What is the tsai theory of caregiver stress?

The caregiver stress theory proposes that both depression and stress perceived by the caregiver are coping mechanisms, and that depression is the emotional part of the cognitive subsystem and the immediate result of the stress perceived by the caregiver. Depression is associated with adaptive modes to varying degrees. Stressful life events can have an additional impact on caregivers' health, in addition to the provision of chronic care. The hours of care and the stress perceived by the caregiver were expected to play an important role.

on caregiver results. Stressful life events, social support, age and gender were background variables and were expected to influence caregiver outcomes through caregiver stress. The stress perceived by the caregiver was measured with an element asking how much stress the caregiver felt about caring for or organizing the care of the elderly relative. Depression was conceptualized as a mediator between caregiver stress and other chronic care outcomes (physical function, self-esteem, and marital satisfaction).

Many caregivers of chronically ill family members suffer from stress and its consequences, and in an aging society, more and more people will see each other affected by stress. The model derived from the data represented 6%, 10%, 57%, 40%, and 11% of the variance in the caregiver's perception of stress, depression, physical function, self-esteem, and marital satisfaction, respectively. Depression was expected to mediate the relationship between perceived stress and chronic care outcomes (physical function, self-esteem, and marital satisfaction). It can also be argued that caregivers face many problems in addition to the burden of providing care, and that the impact of providing chronic care can be diluted due to daily stressors or concurrent stressful life events.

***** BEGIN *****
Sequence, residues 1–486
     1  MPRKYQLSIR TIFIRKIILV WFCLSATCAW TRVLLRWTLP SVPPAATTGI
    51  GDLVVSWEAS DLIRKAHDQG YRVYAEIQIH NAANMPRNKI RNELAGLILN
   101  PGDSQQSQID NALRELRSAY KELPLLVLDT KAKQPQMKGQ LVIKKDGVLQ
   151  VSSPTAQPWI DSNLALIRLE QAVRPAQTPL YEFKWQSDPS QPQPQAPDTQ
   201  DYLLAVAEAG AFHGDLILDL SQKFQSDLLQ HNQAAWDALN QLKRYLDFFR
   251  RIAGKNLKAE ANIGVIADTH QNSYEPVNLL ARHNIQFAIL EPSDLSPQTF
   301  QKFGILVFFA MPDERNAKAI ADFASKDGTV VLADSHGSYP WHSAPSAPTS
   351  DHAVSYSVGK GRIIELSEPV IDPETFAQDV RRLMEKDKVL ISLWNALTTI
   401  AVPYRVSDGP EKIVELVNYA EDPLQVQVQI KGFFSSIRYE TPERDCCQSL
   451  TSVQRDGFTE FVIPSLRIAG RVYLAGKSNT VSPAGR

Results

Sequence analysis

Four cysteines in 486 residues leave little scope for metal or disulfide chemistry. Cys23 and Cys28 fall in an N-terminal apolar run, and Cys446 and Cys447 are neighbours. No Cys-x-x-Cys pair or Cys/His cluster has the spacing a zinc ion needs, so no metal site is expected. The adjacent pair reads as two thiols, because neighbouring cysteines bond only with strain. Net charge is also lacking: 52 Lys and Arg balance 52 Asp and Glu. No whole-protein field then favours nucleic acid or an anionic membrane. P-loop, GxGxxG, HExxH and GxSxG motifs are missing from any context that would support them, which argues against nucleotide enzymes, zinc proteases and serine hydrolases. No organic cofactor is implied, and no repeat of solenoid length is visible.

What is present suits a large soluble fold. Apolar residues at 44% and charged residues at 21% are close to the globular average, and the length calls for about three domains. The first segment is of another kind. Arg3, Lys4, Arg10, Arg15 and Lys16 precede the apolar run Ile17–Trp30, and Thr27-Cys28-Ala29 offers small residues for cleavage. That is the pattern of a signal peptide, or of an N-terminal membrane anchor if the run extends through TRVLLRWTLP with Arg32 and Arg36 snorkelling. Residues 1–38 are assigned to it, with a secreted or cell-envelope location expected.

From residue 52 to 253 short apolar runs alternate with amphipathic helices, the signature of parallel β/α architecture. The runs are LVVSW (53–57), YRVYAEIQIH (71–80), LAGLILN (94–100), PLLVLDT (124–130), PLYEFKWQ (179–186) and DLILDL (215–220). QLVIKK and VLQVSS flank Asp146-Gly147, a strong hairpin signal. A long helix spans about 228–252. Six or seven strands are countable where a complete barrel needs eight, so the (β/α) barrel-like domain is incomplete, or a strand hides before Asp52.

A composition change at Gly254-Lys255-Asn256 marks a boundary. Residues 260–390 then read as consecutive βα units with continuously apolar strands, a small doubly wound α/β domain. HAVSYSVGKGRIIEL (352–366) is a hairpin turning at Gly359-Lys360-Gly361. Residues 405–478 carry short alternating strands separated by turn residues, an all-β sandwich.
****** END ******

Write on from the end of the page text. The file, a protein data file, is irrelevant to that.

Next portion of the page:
However, caregivers in the first wave achieved significantly lower self-esteem scores than those in the second wave (16.02). vs. The model derived from the data suggested that age had an indirect effect on the caregiver's perception of stress, through hours of care. Stressful life events failed to predict the stress perceived by the caregiver; instead, stressful life events predicted caregivers' outcomes through depression.

This study tested a hypothetical model that proposed that hours of care, stressful life events, social support, age and sex could predict caregiver outcomes through the stress perceived by caregivers. Therefore, older caregivers in this sample were likely to take on more hours of care than younger caregivers, creating more stress for caregivers. The model derived from the data showed that, as expected, depression mediated the relationship between stress perceived by the caregiver and self-esteem and marital satisfaction. Therefore, the relationship between hours of care and stress perceived by the caregiver may not be as clear in providing long-term care as it is in providing short-term care to a seriously ill family member.

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